Canadian Optimism about Window Cleaning

I’ve noticed something over my last year or so of trolling on the forums.

Canadian window cleaners seem to have far more optimism about window cleaning. They seem like they can pull of higher pricing, seem to feel that the market is a growing market not a saturated one. And the market here seems to not have as many established national service companies. Fish certainly doesn’t exist here and there seems to be not many dominating companies.

The Canadian guys here seem upbeat about cleaning, don’t complain as much about lowballing, and have more ideas about growth and such.

In addition all of us here have a fair share of storefront cleaning, whereas many Americans have extremely negative view of it, and have little or none of it.

What causes such pessimism south of the border?

Don’t look at me – I’m too preoccupied with the acid rain problem in Eastern Canada to even think about being pessimistic about anything to do with WC’ing.

Mike, us Canadians usually have storefront and residential because we need it to survive winter. Few are the companies that only service residential, unless they are in warmer areas of the country like the GTA (liberty window cleaning i think does only residential?). I think we have fewer competition compared to our southerly neighbors.

Where do you get your facts from? Acid rain as an environmental concern has been greatly diminshed. That is due to some treaties being signed to reduce pollutants between Canada and the US. And level of certain pollutants being reduced. Besides half the pollution that comes into southern Ontario comes from coal power plants in the midwestern USA. Pollution knows no boundaries.

It would be more accurate to say that global warming, air pollution, smog, urban sprawl and the loss of precious farmland to new subdivisions are the pressing environmental concerns that Torontonians are concerned about.

Anyway, let’s stay on topic, what causes the pessimism, perhaps some of the American friends have some insights?

It seems as though you switched the topic from Canadian optimism to American pessimism, yes?

BTW, I didn’t say my (pretend) worry was based upon facts. And, I’m not sure that you have facts with regard to pessimism.

He never did claim to have facts with regard to pessimism, after all he used the words seem and seems 6 times in his first post.

As far as the storefronts go I think Crazy is right, there are many locations in the U.S. that suport year round residentials, so storefronts aren’t nessasary, and the pay with residentials is better.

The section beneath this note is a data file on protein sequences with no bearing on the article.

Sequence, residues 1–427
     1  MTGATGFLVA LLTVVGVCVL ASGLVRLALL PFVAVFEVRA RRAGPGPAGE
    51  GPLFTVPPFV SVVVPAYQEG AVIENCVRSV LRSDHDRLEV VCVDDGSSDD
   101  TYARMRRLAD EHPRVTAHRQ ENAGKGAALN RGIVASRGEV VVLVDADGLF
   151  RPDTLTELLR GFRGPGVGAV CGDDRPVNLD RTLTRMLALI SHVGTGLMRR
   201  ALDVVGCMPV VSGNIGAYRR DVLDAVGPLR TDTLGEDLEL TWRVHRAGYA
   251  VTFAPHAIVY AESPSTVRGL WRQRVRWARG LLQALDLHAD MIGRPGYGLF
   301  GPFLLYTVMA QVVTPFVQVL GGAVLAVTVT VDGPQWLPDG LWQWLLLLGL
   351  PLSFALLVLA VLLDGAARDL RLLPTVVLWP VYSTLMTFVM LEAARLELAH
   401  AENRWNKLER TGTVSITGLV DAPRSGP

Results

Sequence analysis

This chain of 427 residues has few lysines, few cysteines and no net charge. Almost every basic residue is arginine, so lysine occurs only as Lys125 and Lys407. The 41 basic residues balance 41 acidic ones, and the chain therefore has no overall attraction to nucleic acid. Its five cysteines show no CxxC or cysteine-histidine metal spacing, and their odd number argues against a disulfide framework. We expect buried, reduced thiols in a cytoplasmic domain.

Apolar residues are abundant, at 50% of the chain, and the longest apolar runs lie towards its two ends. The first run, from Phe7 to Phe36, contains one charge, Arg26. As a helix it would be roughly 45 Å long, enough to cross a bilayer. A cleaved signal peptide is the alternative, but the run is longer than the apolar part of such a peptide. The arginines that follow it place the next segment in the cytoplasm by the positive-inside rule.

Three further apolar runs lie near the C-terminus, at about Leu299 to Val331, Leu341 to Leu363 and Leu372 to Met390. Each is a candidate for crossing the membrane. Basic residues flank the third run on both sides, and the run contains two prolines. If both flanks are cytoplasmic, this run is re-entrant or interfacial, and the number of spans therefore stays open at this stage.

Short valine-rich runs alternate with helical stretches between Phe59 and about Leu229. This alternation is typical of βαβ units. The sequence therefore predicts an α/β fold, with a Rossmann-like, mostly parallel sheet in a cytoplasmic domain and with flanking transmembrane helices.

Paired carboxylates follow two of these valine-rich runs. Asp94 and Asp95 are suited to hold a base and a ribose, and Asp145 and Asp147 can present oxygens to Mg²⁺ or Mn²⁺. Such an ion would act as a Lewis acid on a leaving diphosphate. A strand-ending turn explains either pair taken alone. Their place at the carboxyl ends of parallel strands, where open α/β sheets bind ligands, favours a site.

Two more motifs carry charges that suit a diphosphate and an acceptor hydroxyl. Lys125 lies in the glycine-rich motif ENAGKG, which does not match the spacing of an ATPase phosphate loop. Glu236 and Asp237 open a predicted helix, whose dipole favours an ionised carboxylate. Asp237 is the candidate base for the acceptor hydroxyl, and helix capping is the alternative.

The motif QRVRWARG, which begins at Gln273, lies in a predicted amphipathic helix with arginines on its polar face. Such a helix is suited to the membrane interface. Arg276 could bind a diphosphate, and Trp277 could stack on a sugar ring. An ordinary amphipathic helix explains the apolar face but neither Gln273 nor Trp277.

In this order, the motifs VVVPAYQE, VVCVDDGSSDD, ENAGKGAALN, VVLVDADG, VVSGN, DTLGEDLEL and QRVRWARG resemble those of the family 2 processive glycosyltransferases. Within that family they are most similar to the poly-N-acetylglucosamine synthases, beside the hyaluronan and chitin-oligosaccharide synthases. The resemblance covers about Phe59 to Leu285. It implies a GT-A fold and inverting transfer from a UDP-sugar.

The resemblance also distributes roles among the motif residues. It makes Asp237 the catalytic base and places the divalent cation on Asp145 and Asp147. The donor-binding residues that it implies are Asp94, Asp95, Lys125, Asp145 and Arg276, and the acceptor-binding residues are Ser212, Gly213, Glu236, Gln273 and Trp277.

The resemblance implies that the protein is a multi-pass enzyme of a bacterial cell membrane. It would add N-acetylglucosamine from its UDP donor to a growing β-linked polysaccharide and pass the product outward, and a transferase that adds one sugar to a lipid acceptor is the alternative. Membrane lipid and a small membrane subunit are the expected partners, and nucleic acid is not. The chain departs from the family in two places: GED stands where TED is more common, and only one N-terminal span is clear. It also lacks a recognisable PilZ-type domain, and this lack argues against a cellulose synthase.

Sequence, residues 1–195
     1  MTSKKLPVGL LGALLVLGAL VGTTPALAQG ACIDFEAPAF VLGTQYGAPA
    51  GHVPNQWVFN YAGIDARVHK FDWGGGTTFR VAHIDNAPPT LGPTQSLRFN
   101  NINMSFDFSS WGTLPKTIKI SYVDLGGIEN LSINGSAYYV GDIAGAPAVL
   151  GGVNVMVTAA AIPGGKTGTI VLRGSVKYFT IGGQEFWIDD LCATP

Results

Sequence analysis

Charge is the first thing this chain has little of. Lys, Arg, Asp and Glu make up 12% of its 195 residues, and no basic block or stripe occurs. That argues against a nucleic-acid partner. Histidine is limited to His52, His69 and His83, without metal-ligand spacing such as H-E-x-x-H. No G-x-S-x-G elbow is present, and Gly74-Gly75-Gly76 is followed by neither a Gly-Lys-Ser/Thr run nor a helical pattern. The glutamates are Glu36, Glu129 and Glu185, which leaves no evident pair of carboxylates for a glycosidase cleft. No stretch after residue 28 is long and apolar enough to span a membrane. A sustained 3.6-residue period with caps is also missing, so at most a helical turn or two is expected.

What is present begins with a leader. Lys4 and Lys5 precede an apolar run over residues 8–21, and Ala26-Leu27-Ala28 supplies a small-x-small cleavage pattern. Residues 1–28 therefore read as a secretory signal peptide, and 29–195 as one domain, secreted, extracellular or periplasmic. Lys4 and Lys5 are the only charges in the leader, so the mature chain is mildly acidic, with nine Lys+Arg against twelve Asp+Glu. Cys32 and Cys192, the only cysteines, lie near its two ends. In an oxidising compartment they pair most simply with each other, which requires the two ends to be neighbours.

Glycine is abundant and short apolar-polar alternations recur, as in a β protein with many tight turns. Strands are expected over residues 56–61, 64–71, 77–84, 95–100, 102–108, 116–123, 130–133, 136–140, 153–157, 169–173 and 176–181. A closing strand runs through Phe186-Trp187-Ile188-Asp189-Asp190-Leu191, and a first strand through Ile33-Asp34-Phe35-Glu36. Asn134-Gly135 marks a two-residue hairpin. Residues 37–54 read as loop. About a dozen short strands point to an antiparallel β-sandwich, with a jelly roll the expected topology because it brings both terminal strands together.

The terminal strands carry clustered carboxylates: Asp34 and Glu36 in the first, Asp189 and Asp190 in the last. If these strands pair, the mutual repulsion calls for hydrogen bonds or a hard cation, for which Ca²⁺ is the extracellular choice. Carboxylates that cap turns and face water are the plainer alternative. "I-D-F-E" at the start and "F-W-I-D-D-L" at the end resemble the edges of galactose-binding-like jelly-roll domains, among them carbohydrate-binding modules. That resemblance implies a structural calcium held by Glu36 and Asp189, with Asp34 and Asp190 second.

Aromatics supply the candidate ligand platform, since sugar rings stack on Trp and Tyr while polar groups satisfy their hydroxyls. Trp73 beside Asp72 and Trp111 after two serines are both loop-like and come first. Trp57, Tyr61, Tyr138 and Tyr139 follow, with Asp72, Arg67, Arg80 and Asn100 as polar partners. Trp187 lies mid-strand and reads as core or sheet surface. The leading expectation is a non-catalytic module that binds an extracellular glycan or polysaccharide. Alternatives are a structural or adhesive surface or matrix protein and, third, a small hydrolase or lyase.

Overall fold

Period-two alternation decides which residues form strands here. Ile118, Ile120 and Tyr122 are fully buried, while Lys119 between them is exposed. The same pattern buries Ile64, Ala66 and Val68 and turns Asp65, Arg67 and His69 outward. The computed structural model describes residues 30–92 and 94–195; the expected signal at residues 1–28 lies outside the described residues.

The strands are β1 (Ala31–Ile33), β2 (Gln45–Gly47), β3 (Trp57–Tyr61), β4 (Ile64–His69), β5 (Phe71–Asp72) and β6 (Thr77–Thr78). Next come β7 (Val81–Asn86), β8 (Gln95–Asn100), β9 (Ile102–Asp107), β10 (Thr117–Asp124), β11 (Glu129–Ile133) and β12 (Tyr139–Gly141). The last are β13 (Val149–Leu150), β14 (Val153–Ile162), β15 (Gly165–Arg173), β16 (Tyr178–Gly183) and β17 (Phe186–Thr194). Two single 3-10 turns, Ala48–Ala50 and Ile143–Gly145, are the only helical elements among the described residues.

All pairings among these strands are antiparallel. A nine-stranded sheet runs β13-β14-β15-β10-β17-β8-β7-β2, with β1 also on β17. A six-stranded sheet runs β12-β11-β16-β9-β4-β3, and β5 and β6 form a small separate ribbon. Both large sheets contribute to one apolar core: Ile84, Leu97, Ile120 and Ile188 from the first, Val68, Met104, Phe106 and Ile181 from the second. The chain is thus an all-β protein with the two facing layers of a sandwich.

All the rest of the points (Lowballers, pulling higher prices, National companies) are all connected together, saturated markets which result in more competition. I don’t think that Americans are pessimistic about such thing but discussing how to best deal with the reality of the situations. Some maybe pessimistic, other times it maybe hard to communcate true emotion over a forum. Example: Laczko’s fear of acid rain, was meant to express (pretend), but was not communicated that way. Not the fault of the writer or the reader, just the limitation of the written forum.

You’re observations are interesting, Mike. I’d never stopped to think about a possible difference in optimism…

Regarding saturated markets, I had one of the guys who works for me assemble a list over a few hours last week, using various online sources only, of the number of window cleaning companies in the Greater Toronto area that are openly conducting business as our competitors.

So far, we’re at 440 and counting. So, we certainly don’t have a promised land of negligible competition, or anything like that.

And this number only applies to the Toronto area, not businesses as close as half an hour away, in connected large centers.

Interesting research tidbit!

I used the term facts due Mike’s follow-up statement ('“Anyway, let’s stay on topic, what causes the pessimism, perhaps some of the American friends have some insights?”), not anything to do with his initial post.

Perhaps a limitation did affect that post…

I would have thought everyone would have taken my (off-the-wall) acid rain remark exactly as I intended – it was a joke.